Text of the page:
When the dollar comes back

Deutsche Bank's Mirza Baig talks FX strategy following the US dollar's resurgence in recent weeks.
With the US dollar having made a resurgence in a period of only a few weeks, investors might want to reconsider where they keep their assets. Since the beginning of August, the Deutsche Bank index of Asian currencies has fallen by over 5%. Mirza Baig, Deutsche Bank's Asia currency strategist, talks about the recent trends in the currency markets.

How has the dollarÆs recent boost affected Asian currencies? Have any in particular been hit hard or shown themselves to be particularly resilient?
Deutsche Bank's index of Asian currencies versus the US dollar (the db EARLY Index) has fallen around 8% from its peak in April. The weakness has been fairly broad based, though the Korean won has weakened twice as much as the regional index. On the other hand, the Chinese renminbi û due to the managed float with reference to a basket of currencies û has not been affected as much.

Do you think increasing evidence of a global slowdown could provoke capital outflow from Asia? If so, how will that affect regional currencies?
ItÆs important to distinguish between foreign direct investment inflow and portfolio flows. FDI inflow trends tend to be less cyclical and we expect these to continue relatively unabated.

Regional stock markets have obviously been affected by a weaker global economy and falls in major global indices. As such, money has flowed out of the region and - to the extent that investor sentiment is affected by broader perceptions of growth and corporate earnings momentum - this could continue.

However, it is important to note that net external assets of Asian investors have also grown in recent years, particularly in Taiwan and Korea. The foreign capital outflows from these countries would therefore be partly offset by the repatriation of funds from loss-making investments in foreign markets by local investors.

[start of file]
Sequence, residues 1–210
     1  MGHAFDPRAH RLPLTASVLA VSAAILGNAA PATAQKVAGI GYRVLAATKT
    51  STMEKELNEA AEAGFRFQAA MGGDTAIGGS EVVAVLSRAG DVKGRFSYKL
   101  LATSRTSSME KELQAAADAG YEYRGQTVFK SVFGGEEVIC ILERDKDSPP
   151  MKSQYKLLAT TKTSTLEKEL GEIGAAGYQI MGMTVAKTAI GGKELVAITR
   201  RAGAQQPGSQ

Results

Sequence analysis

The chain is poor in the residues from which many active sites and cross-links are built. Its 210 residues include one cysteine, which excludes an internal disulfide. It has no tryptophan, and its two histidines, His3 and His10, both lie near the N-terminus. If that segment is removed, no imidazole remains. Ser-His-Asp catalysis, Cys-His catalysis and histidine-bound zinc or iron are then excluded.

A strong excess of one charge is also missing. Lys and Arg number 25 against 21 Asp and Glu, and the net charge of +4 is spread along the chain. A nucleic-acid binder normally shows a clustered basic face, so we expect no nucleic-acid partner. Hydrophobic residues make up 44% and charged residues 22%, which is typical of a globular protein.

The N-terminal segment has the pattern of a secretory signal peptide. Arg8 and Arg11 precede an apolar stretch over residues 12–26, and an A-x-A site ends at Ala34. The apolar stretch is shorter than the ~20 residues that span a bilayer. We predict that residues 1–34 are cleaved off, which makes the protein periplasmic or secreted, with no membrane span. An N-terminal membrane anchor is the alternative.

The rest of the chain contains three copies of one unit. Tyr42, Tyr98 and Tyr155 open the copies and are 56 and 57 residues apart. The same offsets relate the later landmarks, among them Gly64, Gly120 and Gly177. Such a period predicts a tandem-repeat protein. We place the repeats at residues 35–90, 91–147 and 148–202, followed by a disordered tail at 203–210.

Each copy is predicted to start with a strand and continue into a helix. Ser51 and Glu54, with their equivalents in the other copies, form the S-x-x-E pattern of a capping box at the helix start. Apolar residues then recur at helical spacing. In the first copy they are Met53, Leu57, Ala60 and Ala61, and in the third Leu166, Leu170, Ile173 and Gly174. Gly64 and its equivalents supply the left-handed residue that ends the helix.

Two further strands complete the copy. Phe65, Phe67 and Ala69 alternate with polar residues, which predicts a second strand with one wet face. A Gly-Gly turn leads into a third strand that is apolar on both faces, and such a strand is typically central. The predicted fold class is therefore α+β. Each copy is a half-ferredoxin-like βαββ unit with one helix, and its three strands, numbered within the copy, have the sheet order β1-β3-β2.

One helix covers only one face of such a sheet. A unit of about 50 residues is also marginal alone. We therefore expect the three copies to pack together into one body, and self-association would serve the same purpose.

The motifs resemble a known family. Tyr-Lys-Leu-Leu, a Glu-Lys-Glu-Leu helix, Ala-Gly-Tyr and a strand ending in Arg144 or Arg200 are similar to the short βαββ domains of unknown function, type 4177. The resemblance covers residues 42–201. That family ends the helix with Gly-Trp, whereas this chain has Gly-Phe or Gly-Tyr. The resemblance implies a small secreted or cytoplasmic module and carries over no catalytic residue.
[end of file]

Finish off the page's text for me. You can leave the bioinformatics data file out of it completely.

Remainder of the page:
On balance, we believe the likely trajectory of capital flows may remain negative for local Asian currencies into next year.

Has the recent political trouble in Thailand affected the baht or are other factors more influential?
We havenÆt seen speculative outflows in the baht due to the recent political development. Thanks to the Bank of ThailandÆs efforts at reducing volatility and little overhang of speculative positions or short-term debt, the baht has performed no worse than the regional index.

Do you see things picking up for the won?
There has been a lot of commentary surrounding the fall in the Korean won since July. We disagree with some of the more negative views being drawn.

Because there is a large stock of foreign currency debt in Korea that needs to be rolled almost continuously, the global US dollar funding squeeze from the ongoing credit crisis tends to expose the won to sharp fluctuations. In attempting to smooth such fluctuations, the Bank of Korea presently sells spot reserves. Another approach which may be effective would be for the central bank to consider "lending" dollars to the market through FX swaps.

US dollar funding may continue to be an issue going into year-end as foreign banks look to consolidate their balance sheets, which may put further pressure on the won. So unless credit markets stabilise, these pressures should continue.

How is the renminbi appreciation affected by the dollar's recent gains?
The appreciation of the renminbi versus the US dollar has virtually ceased. However, because of the broader strength of the dollar, in trade-weighted terms the appreciation of the renminbi has accelerated sharply.

Is there a currency safe haven in Asia? How can investors with an interest in Asian currencies minimise their risk?
On standard metrics such as purchasing power parity (PPP) or real effective exchange rate (REER), Asian currencies are not as fundamentally over-valued as many of their G10 counterparts. That is not to say they are insulated against dollar strength, although they are likely to depreciate less against the dollar compared to G10 currencies. One of the issues for Asian currencies is that many had thought that currencies like the Singapore dollar, the Malaysian ringgit, the Taiwan dollar and the renminbi would be insulated from dollar strength. And with those views proving wrong, we could see participants such as high-net-worth investors who æparkedÆ their money in these currencies switching back into dollars.
¬ Haymarket Media Limited. All rights reserved.
Share our publication on social media
Share our publication on social media